Wheat leaf rust and tan spot getting a foothold in Kansas

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The week of April 8-14 has brought more reports of leaf rust in the region. Texas and Oklahoma continue to report moderate to severe leaf rust in their wheat crop with reports as far north as Stillwater, Oklahoma. In Kansas, leaf rust was spotted for the first time about a week ago when Zach Simon, Sedgwick County Research and Extension agent, reported the disease in Sedgwick County. Leaf rust has since been reported in additional counties in south central Kansas (Figure 1). These reports of leaf rust are important because the disease is most damaging when it becomes established in a field prior to the heading and flowering stages for growth.

Some popular varieties in central Kansas -- including 1863, T158, and WB 4458 -- are susceptible to leaf rust. Important varieties in western Kansas that could also be vulnerable include TAM 111, TAM 112, Denali, and Byrd. Growers with these varieties should be scouting for leaf rust regularly as their crop moves into the heading stages of growth.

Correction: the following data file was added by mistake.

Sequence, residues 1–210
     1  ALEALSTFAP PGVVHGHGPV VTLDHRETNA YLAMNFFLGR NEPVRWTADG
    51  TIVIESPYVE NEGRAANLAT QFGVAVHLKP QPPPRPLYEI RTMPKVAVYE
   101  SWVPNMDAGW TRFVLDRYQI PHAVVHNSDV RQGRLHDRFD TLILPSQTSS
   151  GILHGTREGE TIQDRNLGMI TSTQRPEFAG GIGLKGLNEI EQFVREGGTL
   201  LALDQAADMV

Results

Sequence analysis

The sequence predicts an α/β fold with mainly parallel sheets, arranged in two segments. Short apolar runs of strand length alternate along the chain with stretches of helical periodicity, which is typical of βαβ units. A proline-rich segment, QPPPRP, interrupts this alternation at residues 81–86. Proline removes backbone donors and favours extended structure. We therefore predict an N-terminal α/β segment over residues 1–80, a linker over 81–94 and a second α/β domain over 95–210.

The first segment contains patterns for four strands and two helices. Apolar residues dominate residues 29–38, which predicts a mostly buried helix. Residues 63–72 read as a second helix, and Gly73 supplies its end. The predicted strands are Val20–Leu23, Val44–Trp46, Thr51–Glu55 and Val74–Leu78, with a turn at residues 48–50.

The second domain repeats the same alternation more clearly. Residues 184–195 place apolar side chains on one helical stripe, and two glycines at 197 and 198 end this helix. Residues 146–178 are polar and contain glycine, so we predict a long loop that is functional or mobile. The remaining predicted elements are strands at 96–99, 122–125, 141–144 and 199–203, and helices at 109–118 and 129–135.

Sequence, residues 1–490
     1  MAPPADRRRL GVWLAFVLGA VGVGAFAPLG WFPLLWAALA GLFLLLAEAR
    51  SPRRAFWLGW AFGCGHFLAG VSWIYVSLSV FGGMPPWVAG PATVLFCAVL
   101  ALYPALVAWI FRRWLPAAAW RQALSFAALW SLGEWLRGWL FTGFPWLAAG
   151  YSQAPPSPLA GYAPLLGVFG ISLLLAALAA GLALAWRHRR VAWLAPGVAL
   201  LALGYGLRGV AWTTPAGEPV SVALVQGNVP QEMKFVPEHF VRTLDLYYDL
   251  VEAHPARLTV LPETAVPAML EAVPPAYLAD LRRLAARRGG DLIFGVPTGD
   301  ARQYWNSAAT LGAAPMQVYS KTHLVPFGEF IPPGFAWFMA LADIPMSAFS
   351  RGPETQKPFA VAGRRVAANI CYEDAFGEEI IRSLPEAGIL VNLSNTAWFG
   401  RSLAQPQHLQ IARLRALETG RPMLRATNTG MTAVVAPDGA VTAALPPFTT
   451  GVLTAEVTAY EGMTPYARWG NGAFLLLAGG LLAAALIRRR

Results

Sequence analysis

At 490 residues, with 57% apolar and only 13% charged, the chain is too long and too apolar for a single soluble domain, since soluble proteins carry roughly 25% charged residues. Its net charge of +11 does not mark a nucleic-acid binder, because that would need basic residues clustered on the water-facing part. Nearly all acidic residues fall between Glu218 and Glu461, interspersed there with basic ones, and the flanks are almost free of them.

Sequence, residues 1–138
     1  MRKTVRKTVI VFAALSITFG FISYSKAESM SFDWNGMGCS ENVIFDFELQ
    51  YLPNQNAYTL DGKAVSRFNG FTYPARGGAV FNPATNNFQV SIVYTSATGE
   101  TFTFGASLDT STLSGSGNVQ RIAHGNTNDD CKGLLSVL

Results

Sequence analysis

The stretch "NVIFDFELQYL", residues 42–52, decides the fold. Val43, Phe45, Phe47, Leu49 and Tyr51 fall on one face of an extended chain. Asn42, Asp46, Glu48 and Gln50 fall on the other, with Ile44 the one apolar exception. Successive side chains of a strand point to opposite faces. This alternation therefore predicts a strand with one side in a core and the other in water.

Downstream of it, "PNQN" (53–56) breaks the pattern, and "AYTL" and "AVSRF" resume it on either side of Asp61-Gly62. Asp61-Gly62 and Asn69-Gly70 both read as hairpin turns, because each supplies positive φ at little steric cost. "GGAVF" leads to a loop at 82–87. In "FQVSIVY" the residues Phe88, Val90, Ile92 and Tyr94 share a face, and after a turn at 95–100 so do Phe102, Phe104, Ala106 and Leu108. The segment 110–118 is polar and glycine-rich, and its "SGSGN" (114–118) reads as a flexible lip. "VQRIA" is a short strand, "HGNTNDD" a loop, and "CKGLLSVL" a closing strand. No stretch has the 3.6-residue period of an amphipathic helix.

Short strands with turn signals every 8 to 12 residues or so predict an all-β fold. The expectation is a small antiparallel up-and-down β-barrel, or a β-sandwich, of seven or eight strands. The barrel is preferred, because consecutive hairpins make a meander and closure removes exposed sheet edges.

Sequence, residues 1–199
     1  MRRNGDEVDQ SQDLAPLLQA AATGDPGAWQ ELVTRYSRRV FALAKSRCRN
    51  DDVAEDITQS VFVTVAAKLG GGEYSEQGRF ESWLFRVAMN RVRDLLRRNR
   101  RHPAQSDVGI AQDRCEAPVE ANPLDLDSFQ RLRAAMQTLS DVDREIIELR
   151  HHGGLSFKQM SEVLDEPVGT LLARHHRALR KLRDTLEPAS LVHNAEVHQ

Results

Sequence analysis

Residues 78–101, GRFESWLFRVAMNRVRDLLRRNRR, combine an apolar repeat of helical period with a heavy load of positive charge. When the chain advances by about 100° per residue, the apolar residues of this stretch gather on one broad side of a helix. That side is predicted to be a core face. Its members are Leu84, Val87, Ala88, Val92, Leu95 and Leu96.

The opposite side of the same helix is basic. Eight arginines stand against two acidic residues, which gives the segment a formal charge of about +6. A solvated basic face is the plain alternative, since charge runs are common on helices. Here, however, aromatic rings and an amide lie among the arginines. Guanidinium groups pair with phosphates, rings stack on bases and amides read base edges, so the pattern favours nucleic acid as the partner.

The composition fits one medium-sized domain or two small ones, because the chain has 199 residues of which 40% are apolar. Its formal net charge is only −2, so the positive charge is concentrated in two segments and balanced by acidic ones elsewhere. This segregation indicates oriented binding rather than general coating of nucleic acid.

Figure 1. Current distribution of leaf rust in Kansas.


Tan spot (Figure 2) and powdery mildew (Figure 3) are also getting a foothold in some fields in central Kansas. The fungus that causes tan spot survives in wheat residues left over from previous years. Tan spot is often most severe in fields with large amounts of wheat residues on the soil surface. The fungus reproduces on these residues and is spread by wind or splashing rain to the newly established wheat crop. Powdery mildew is showing up in the lower and middle canopy of some varieties. Powdery mildew can become a problem if cool humid weather continues to favor spread of the disease.

The presence of leaf rust, tan spot, and powdery mildew in wheat fields is cause for concern. Fields with tan spot and/or powdery mildew in the lower canopy, and with even traces of leaf rust or stripe rust becoming established on the upper leaves, would likely benefit from a fungicide application. 

Figure 2.  Wheat with symptoms of tan spot. Photo by Erick DeWolf, K-State Research and Extension.

Figure 3. Wheat with symptoms of powdery mildew. Photo by Erick DeWolf, K-State Research and Extension.


For more information on tan spot see:


Erick De Wolf, Extension Plant Pathology

Romulo Lollato, Wheat and Forages Specialist